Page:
Mis amigos and I are just getting back into the swing of things in our pueblo of San Juan del Obispo after an awesome, physically-challenging and mentally -stretching week in Coban. With our packed lunches in hand from our fabulous host familias, we piled into our infamous yellow school bus for a four hour drive the Friday before last. I was reminded of last semester, cramped together for long distances, but the instance I looked outside I realized what a diverse and amazing adventure we are having; from the beautiful mountains of Canada to the cloudforest of Guatemala.
We unloaded into rustic little cabanas at a hotel just outside of Coban where we started our week off with a little retreat. We soon discovered that the leaders were not lying to us when they told us to buy rain boots in the mercado back in Antigua. We spent the weekend with Rob, our facilitator and friend for the week, as he spoke to us about some issues in Guatemala, personal experiences, and what our week would look like. He challenged us to think about life in different ways, about how our desire to belong is biological and about better ways to approach development. He passionately spoke about our Saviour, tying things back to the Bible, and left many of us feeling encouraged and energized for what was to come.
On Sunday morning we visited a Mayan cave, attended Rob’s church and headed out to a 400 acre finca, where we would spend majority of our week at the Agricology Centre. Some children from a local Q’eqchi’ village joined us, where they were given the opportunity to learn about birds and the environment and have fun with us gringos. We also had the chance to connect with some teachers who have been through the program Rob’s family runs. Young women from nearby Q’eqchi’ villages are invited to the centre, to receive some education and be empowered with some opportunities they would not otherwise have access to.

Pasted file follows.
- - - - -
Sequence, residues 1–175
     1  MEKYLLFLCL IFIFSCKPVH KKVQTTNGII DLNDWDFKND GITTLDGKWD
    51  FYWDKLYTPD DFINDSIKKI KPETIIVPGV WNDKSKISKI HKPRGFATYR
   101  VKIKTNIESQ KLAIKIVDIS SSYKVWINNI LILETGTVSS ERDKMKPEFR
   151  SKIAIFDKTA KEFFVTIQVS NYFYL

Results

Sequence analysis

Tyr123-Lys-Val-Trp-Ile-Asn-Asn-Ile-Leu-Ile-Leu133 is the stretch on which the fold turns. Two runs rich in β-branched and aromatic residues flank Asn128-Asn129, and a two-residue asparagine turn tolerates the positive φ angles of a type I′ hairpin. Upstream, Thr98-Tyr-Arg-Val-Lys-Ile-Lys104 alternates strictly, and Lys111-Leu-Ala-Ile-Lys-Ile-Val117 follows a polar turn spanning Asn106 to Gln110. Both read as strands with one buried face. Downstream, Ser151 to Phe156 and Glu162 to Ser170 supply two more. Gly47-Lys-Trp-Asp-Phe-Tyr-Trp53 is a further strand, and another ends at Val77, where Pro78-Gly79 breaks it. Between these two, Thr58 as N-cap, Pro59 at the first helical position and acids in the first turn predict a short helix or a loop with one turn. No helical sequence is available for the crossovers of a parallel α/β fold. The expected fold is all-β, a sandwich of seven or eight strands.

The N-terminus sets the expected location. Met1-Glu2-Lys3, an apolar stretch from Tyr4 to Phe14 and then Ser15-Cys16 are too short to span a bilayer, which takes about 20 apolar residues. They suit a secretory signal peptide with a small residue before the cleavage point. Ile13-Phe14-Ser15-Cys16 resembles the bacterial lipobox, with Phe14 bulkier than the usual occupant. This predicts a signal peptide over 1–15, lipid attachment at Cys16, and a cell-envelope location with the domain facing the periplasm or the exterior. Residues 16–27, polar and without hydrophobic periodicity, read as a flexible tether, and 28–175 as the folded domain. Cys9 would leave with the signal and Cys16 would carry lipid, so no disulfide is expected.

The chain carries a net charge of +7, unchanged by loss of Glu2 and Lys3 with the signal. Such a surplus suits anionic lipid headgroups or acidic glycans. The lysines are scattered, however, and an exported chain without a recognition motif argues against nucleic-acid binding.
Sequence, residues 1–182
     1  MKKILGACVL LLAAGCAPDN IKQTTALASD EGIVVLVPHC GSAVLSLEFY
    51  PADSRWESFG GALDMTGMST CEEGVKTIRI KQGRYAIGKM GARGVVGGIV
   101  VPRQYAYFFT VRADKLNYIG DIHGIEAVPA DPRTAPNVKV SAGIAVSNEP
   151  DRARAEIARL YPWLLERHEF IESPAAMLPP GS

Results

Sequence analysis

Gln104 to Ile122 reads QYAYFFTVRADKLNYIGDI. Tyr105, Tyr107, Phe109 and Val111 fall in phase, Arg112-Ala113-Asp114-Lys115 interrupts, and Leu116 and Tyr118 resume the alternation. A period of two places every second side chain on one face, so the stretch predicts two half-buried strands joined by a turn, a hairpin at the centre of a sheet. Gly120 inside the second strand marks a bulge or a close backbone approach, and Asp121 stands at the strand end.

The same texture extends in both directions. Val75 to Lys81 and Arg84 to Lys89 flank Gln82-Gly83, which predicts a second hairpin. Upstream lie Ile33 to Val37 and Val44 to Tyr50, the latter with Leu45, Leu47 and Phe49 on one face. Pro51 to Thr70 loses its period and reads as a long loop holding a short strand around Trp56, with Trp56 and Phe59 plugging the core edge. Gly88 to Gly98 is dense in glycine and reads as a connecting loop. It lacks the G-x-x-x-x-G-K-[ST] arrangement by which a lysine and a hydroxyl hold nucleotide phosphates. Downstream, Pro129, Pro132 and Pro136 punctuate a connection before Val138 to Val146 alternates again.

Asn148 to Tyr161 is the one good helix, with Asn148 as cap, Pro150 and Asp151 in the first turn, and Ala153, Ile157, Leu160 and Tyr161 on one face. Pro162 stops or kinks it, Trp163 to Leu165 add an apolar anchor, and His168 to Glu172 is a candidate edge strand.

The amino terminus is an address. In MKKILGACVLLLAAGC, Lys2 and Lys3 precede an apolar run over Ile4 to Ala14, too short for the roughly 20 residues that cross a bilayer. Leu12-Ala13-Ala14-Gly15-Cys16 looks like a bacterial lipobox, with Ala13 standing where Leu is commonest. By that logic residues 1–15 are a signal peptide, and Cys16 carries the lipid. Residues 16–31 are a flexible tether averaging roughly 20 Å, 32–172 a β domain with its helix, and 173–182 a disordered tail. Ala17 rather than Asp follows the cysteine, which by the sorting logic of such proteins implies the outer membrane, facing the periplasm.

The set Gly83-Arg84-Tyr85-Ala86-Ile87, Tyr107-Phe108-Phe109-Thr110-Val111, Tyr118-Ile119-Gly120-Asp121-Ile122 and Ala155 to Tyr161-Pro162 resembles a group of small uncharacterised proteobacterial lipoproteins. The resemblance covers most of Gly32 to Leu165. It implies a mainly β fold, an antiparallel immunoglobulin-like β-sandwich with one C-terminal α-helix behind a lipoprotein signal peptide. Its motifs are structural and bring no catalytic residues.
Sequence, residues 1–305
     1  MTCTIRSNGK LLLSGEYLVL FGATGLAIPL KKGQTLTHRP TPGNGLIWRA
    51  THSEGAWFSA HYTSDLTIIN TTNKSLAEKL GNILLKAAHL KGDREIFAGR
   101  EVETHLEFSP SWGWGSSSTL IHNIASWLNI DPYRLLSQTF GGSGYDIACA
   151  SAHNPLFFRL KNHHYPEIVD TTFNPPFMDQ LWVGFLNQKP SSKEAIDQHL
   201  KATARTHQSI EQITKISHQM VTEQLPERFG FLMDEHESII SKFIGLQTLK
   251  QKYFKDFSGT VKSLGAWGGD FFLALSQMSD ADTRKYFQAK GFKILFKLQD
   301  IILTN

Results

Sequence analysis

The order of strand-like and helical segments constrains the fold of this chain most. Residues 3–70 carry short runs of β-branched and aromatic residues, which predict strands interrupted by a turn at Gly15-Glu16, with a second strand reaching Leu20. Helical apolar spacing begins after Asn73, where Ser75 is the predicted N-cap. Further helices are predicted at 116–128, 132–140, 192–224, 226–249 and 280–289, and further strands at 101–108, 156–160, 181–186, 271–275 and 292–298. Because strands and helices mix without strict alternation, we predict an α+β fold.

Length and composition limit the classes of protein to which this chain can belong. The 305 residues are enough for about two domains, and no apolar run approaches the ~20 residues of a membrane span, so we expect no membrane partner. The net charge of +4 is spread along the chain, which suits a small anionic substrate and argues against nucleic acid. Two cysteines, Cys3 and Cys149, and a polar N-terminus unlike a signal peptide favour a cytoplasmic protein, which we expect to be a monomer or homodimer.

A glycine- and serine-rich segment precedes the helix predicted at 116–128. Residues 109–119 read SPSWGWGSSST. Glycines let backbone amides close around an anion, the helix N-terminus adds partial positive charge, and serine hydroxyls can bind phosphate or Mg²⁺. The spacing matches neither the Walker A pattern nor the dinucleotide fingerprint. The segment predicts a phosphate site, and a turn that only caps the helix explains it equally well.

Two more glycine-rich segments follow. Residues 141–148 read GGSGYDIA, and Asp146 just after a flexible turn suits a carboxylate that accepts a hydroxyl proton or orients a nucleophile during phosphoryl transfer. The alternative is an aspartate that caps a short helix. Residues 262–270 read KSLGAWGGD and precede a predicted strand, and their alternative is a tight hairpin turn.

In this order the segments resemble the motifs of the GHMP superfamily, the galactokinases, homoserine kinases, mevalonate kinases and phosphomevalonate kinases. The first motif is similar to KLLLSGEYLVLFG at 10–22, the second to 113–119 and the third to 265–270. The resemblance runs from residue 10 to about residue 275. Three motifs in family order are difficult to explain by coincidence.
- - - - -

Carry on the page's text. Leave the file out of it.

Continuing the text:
During the days, we worked very hard under the warm sun that we were blessed with. We carried logs, gardened, worked with the ninos, helped with construction, floated logs down the river, and learned to take our anger out in healthy ways with machetes in the forest. You could see the exhaustion across everyone’s faces as we sat down to dinner, counting down the minutes until we could snuggle into our bunks. But we didn’t just work! The first day, the children taught us how to gather and carry firewood the proper Guatemalan way and we spent another part of an afternoon playing sports and juegos with the kids. We buddied up with the ninos and, hand-in-hand, hiked through the cloud rainforest to a large cave. Along the way, we explored with our little amigos and they taught us the Q’eqchi’ words for the things we saw around us. We had a blast swimming in the river’s current, ate our first mangos and I don’t think I can count how many tickle wars there were.
When it was time for the ninos to head home, they did not go alone. We were split into pairs of two and entered into their village of Sebob to spend the day and night with the children and their familias. We were stripped of most of our familiar comforts and were challenged to not “turtle” in our rooms. It was a very rewarding and eye-opening experience.
Overall, this was probably my favourite week of Outtatown so far.
-Jen Ma, aka stronghorse